Socialization Therapies at Michigan Hospitals Help Address Kids' Emotional Needs

Through art, music, and other programs, young patients maintain their identities, ease stress and anxiety


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As part of her treatment at the University of Michigan C.S. Mott Children’s Hospital, Brinley Jungnitsch, 6, participates in music therapy.

Extended hospital stays aren’t fun for anyone, especially young patients. But child life services programs can help children break free from the hospital and just be kids again.

Like Brinley Jungnitsch, a 6-year-old patient with acute myeloid leukemia who is receiving treatment at University of Michigan C.S. Mott Children’s Hospital in Ann Arbor. Sitting on the floor with music therapists Meredith Schlabig and Susan Smiddy, Brinley plays a violin, ukulele, and drum with ease. Known around the hospital as “Brinley the Brave,” she serenades the group with “Twinkle, Twinkle Little Star.”

Music therapy sessions such as Brinley’s are provided by board-certified music therapists who are part of the Child and Family Life Department, which encompasses child life specialists; music, art, activity, and recreational therapists; and educational specialists who work with children and their families to make their hospital stay more comfortable. It aims to alleviate pain and stress by addressing emotional needs.

Brinley has a 30- to 45-minute music therapy session two to three times per week. Her favorite song to play is Rachel Platten’s “Fight Song,” fittingly about never giving up. Schlabig, who has worked with Brinley for a year and a half, says the child’s evolution has been remarkable.

“We gave her control for empowerment and normalized what she shared,” she says. “I’ve seen Brinley blossom from someone who was originally shy and scared of her environment.”

Through active interventions, such as playing music or songwriting, and passive interventions, like listening to or discussing music, patients are provided outlets for safe release of emotion. Songwriting can be especially helpful with self-expression. 

“I like to describe music therapy as taking music to achieve a non-musical goal,” Smiddy says. These goals can be emotional, such as in Brinley’s case, or physical, motor, cognitive, or speech-related. But it’s all about being creative.

“There’ve been multiple times where we’ve seen blood pressure decrease or agitated kids go to sleep when nothing else reaches them,” Smiddy says. 

The Benefits of Creative Therapies

Through art, music, virtual reality, and pet therapy, along with educational programs and curated events and visits, children are given the childhood they’re otherwise missing out on. Integration into the hospital becomes less complicated and scary because of special socialization therapies that teach children about their diagnosis and treatment.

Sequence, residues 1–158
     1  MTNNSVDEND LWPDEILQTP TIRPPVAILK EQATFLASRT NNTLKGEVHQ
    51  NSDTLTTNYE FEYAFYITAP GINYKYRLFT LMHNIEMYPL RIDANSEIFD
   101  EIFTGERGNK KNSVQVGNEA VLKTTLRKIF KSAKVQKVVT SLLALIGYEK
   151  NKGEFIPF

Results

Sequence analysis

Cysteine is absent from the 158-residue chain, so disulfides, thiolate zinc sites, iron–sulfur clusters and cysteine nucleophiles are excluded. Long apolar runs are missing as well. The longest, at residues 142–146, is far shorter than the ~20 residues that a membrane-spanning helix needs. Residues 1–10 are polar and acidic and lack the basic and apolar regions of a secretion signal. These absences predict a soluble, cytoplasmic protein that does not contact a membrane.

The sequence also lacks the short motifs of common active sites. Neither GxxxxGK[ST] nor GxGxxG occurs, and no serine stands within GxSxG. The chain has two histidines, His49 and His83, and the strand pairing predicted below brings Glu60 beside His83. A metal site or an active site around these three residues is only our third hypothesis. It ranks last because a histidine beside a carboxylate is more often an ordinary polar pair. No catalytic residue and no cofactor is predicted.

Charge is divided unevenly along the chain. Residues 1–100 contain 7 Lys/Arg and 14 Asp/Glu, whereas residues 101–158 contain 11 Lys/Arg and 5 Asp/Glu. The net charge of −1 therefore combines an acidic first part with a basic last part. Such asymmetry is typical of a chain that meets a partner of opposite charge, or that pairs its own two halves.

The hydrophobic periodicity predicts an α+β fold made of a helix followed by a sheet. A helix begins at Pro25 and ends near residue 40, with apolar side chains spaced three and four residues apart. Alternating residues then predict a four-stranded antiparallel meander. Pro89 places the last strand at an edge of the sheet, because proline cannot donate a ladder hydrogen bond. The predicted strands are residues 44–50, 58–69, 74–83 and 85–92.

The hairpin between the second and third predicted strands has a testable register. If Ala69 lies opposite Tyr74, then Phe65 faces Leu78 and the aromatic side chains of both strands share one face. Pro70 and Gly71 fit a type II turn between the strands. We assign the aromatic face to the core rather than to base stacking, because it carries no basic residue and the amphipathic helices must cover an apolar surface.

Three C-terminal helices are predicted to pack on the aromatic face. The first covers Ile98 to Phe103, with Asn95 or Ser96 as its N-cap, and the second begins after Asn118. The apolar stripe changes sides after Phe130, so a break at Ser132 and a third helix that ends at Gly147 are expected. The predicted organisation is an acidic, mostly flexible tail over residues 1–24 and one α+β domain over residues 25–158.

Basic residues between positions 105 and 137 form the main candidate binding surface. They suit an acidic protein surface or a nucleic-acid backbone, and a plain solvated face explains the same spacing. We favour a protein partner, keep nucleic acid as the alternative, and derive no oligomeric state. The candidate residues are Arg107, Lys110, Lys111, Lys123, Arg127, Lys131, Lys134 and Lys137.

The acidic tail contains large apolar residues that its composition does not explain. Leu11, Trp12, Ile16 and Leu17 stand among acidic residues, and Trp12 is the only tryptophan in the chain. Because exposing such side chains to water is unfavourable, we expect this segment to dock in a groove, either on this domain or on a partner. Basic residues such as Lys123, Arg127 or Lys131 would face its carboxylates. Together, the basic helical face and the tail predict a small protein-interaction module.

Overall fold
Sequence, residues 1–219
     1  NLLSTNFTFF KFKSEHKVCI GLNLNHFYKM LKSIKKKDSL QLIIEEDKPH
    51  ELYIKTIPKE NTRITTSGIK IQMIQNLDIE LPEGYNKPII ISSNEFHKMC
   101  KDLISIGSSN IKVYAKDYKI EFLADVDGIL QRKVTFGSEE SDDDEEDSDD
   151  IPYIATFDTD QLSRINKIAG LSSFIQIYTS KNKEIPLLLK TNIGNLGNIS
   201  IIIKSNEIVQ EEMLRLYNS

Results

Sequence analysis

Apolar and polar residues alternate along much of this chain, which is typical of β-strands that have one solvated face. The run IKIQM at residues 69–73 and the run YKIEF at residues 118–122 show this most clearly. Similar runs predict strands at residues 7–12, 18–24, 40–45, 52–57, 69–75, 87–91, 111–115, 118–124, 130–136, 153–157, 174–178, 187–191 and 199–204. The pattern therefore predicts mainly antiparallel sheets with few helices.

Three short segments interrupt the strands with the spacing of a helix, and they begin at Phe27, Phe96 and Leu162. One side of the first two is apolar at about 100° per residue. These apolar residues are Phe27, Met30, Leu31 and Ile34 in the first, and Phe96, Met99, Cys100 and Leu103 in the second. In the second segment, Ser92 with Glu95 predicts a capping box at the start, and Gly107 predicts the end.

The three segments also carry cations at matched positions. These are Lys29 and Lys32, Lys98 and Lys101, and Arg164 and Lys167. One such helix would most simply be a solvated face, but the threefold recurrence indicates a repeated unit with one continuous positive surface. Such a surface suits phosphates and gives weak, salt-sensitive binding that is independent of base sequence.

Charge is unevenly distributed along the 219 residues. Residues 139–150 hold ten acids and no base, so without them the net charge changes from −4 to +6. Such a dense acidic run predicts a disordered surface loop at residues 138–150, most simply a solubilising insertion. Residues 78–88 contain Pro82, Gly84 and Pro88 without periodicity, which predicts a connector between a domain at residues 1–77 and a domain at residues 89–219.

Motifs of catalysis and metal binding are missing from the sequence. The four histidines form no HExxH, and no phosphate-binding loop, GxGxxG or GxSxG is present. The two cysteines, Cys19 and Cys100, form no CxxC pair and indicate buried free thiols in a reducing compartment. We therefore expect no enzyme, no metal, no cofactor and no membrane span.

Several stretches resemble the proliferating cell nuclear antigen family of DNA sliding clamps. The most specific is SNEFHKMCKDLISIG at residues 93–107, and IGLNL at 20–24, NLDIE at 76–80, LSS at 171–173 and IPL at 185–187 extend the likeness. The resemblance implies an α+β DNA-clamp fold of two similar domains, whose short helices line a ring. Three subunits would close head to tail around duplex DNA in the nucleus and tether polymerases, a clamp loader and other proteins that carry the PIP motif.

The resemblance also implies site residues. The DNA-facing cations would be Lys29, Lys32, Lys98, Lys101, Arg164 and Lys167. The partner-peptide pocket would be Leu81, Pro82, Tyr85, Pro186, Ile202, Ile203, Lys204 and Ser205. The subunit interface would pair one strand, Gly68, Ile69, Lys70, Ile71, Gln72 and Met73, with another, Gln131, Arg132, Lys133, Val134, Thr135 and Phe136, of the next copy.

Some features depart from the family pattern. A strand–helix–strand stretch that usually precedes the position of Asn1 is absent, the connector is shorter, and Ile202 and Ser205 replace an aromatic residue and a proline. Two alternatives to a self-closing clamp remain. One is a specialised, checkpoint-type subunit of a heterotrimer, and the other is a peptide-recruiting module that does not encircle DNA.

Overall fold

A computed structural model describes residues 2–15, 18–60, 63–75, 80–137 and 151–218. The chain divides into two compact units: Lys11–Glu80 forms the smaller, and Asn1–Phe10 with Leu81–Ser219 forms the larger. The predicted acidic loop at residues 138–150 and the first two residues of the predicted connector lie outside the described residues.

“In the hospital setting, I think we forget that kids are first and foremost kids,” says Divna Wheelwright, DMC’s Children’s Hospital of Michigan child life services manager. “They become a child with cancer, or a child who has been in a devastating car accident.”

Instead of fusing with those identities, children have spaces where they can be themselves, a crucial component because they’re still developing. At DMC, they’ve added an art therapist and will have a music therapist soon. In an atmosphere that often creates an overwhelming loss of control for families, child life services can help give it back.

It’s a relatively new field, with it beginning to grow in the 1960s (first programs date back to 1920s) with significant research taking place in the last decade on child life intervention as a mediating factor in patient’s perceptions of pain and control. 

“Child life services is on the rise because we know those relationships are there,” Wheelwright says.

In the oncology and hematology floor activity room at Mott (as well as in playrooms and bedside on several floors), patients are immersed in gaming and virtual reality. There are five different VR rigs here, including two HTC Vives donated by charity GameChanger and an Oculus Rift and MSI computer donated by the Eric Hartwell Foundation. The VR program launched in November 2015 and has grown to become one of the hospital’s most celebrated nontraditional outlets.